Justin Taylor, UK Managing Director, Teads
Advertisers have finally caught up with consumers
“We passed the mobile tipping point as far as consumer engagement goes some time ago, so it was really only a matter of time before advertising budgets caught up. As this trend continues, the focus will be on mobile attribution and identifying its role in the conversion journey. Some marketers are still using rudimentary techniques and methodologies to do this that are better suited to desktop. But, as investment in mobile as a channel increases, there will be greater demand for greater accountability and efficiency – and the onus will be on agencies to deliver against this. Alongside the growth in mobile, we’re also seeing paid search making up over half of digital spend, showing that search still sits at the core of online consumer behaviour. Developments in the search space, such as the use of voice technology, will only serve to increase its usage, particularly on mobile. This represents a huge opportunity for brands to capitalise on mobile search, in particular, as a discovery tool that is always at consumers’ fingertips.”
Niel Bornman, Global Chief Product Officer, iProspect
Understanding mobile’s role in the path to purchase is vital
“Seeing mobile spend overtaking desktop is fantastic news, it reflects how serious the ad industry is taking mobile. With paid search growing by 18.1%, and carving out a 52% share of digital ad spend, a possible reason for this is the proliferation of mobile devices. The results reflect the important role that mobile plays as a place for brand discovery and conversion. UK adults are spending 46% of their internet time on a mobile, meaning that there is a world of opportunity out there for brands to target consumers in this way. Whether the eventual purchase is made online, on the phone, or in store, getting to grips with mobile’s role in the customer journey is vital. Understanding this behaviour, and optimising it to deliver successful brand campaigns, is key.”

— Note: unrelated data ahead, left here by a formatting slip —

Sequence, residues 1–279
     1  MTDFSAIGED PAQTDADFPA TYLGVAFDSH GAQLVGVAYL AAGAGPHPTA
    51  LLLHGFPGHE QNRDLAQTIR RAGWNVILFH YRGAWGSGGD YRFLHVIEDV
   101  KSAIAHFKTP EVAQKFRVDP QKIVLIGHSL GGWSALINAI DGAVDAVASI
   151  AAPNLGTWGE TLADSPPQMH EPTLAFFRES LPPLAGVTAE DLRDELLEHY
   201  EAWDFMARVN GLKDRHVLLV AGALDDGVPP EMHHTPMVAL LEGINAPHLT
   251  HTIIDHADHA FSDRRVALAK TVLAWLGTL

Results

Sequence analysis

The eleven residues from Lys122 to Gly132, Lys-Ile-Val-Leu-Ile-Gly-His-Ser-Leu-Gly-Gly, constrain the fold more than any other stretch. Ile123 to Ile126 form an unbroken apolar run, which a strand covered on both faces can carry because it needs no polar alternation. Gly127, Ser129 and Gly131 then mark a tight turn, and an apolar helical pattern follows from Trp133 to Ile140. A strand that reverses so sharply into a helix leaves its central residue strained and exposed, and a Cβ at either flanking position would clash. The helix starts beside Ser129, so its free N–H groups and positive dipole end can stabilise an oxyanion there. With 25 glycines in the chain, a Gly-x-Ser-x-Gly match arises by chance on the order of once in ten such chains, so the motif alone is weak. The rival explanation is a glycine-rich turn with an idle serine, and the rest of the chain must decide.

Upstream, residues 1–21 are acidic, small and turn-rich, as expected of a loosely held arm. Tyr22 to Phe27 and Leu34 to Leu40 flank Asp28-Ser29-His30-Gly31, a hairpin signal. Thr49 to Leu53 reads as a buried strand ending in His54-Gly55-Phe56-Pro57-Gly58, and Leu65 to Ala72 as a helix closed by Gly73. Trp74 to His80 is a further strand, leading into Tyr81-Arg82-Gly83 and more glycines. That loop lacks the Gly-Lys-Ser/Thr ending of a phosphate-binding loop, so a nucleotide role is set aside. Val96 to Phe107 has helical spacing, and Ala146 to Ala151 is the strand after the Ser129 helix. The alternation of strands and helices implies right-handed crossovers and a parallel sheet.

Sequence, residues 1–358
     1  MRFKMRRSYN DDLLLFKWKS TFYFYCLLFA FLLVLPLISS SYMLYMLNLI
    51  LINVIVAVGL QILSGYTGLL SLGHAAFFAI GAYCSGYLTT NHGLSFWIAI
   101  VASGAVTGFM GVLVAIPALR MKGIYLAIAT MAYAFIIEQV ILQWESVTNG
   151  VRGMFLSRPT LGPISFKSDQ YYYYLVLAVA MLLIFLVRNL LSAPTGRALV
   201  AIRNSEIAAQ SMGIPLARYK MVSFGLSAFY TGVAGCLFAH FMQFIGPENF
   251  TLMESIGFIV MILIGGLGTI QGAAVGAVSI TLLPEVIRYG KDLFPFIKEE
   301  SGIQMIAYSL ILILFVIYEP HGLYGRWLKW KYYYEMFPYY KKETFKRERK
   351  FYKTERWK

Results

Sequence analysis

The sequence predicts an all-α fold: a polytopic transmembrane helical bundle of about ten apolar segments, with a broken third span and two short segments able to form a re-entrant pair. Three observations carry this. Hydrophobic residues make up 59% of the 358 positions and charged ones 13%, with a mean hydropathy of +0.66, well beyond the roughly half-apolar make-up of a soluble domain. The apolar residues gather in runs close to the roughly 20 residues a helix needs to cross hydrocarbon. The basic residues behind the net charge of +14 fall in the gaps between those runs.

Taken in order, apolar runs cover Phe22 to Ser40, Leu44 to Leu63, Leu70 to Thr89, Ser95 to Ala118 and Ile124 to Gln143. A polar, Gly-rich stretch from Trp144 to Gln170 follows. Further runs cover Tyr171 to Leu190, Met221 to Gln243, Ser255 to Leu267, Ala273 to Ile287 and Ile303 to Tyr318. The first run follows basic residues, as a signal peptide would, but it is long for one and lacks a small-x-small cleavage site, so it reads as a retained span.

Anna Forbes, UK Managing Director, Marchex
Mobile-first companies must work to maintain growth
“In the first IAB results since the Brexit vote, it is promising to see that growth continuing. The growth of mobile is something that we have seen echoed in the companies that we are working with on the financial side, with more and more mobile-first ad networks and ad tech companies entering the UK market. These fast-growing mobile companies should not ignore marketers’ ever-present concerns about the industry’s financial prospects and focus on finding ways to maintain growth and prosperity in Q4, and into 2017, to weather the forecasted 0.7% drop in ad spend in these uncertain times.”